Frases de Georg Cantor

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Georg Cantor

Data de nascimento: 3. Março 1845
Data de falecimento: 6. Janeiro 1918

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Georg Ferdinand Ludwig Philipp Cantor foi um matemático alemão nascido no Império Russo.

Conhecido por ter elaborado a moderna teoria dos conjuntos, foi a partir desta teoria que chegou ao conceito de número transfinito, incluindo as classes numéricas dos cardinais e ordinais e estabelecendo a diferença entre estes dois conceitos, que colocam novos problemas quando se referem a conjuntos infinitos. Nasceu em São Petersburgo , filho do comerciante dinamarquês, George Waldemar Cantor, e de uma musicista russa, Maria Anna Böhm. Em 1856 sua família mudou-se para a Alemanha, continuando aí os seus estudos. Estudou no Instituto Federal de Tecnologia de Zurique. Doutorou-se na Universidade de Berlim em 1867. Teve como professores Ernst Kummer, Karl Weierstrass e Leopold Kronecker.Em 1872 foi docente na Universidade de Halle-Wittenberg, na cidade alemã Halle an der Saale, onde obteve o título de professor em 1879. Toda a sua vida irá tentar em vão deixar a cidade, tendo acabado por pensar que era vítima de uma conspiração.Cantor provou que os conjuntos infinitos não têm todos a mesma potência . Fez a distinção entre conjuntos numeráveis e conjuntos contínuos . Provou que o conjunto dos números racionais Q é numerável, enquanto que o conjunto dos números reais IR é contínuo . Na demonstração foi utilizado o célebre argumento da diagonal de Cantor ou método diagonal. Nos últimos anos de vida tentou provar, sem o conseguir, a "hipótese do contínuo", ou seja, que não existem conjuntos de potência intermédia entre os numeráveis e os contínuos - em 1963, Paul Cohen demonstrou a indemonstrabilidade desta hipótese. Em 1897, Cantor descobriu vários paradoxos suscitados pela teoria dos conjuntos. Foi ele que utilizou pela primeira vez o símbolo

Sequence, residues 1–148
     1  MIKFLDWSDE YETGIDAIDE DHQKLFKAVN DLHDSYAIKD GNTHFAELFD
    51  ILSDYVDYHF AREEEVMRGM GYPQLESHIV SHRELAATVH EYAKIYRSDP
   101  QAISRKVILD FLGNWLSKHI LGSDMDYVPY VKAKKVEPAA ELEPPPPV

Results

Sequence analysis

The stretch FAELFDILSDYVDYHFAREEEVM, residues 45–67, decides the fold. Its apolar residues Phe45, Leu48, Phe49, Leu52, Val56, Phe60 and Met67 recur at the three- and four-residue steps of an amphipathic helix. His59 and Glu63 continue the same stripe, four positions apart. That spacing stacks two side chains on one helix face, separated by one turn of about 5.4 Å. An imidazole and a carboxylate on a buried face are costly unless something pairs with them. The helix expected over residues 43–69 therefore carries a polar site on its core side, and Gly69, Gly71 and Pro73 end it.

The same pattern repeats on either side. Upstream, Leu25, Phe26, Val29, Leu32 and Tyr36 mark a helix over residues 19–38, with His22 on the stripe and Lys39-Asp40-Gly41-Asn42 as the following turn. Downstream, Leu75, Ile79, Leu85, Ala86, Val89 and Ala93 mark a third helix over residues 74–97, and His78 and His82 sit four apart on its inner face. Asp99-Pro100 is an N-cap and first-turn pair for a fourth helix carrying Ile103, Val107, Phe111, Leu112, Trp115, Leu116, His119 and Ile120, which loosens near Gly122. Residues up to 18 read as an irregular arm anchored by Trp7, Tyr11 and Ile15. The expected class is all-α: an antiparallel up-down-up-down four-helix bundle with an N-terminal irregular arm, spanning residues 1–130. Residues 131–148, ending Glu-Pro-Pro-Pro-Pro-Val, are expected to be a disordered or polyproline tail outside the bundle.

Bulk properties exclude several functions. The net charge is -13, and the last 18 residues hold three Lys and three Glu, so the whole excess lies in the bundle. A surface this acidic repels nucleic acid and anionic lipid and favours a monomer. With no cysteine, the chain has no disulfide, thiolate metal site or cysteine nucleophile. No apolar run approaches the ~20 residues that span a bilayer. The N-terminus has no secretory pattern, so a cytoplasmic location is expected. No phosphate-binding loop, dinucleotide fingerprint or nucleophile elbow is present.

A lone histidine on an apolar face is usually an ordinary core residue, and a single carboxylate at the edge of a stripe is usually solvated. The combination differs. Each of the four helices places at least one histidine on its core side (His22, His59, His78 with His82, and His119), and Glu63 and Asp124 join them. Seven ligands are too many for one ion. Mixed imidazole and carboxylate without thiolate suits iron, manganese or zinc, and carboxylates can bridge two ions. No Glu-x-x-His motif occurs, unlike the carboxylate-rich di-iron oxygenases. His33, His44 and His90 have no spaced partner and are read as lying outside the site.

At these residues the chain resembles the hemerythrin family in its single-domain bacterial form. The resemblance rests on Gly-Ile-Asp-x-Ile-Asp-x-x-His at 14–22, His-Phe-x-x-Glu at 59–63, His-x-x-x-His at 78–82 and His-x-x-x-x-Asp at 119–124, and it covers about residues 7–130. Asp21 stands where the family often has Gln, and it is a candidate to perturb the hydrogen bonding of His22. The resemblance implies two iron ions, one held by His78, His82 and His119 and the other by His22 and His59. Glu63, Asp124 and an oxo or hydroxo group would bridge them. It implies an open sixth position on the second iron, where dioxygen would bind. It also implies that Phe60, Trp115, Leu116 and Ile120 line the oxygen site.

R

{\displaystyle \mathbb {R} }

para representar o conjunto dos números reais.Durante a última metade da sua vida sofreu repetidamente de ataques de depressão, o que comprometeu a sua capacidade de trabalho e o forçou a ficar hospitalizado várias vezes. Provavelmente ser-lhe-ia diagnosticado, hoje em dia, um transtorno bipolar - vulgo maníaco-depressivo. A descoberta do Paradoxo de Russell conduziu-o a um esgotamento nervoso do qual não chegou a se recuperar. Começou, então, a se interessar por literatura e religião. Desenvolveu o seu conceito de Infinito Absoluto, que identificava a Deus. Ficou na penúria durante a Primeira Guerra Mundial, morrendo num hospital psiquiátrico em Halle.Nas palavras de David Hilbert: "Ninguém nos poderá expulsar do Paraíso que Cantor criou."

Citações Georg Cantor

„This view [of the infinite], which I consider to be the sole correct one, is held by only a few.“

— Georg Cantor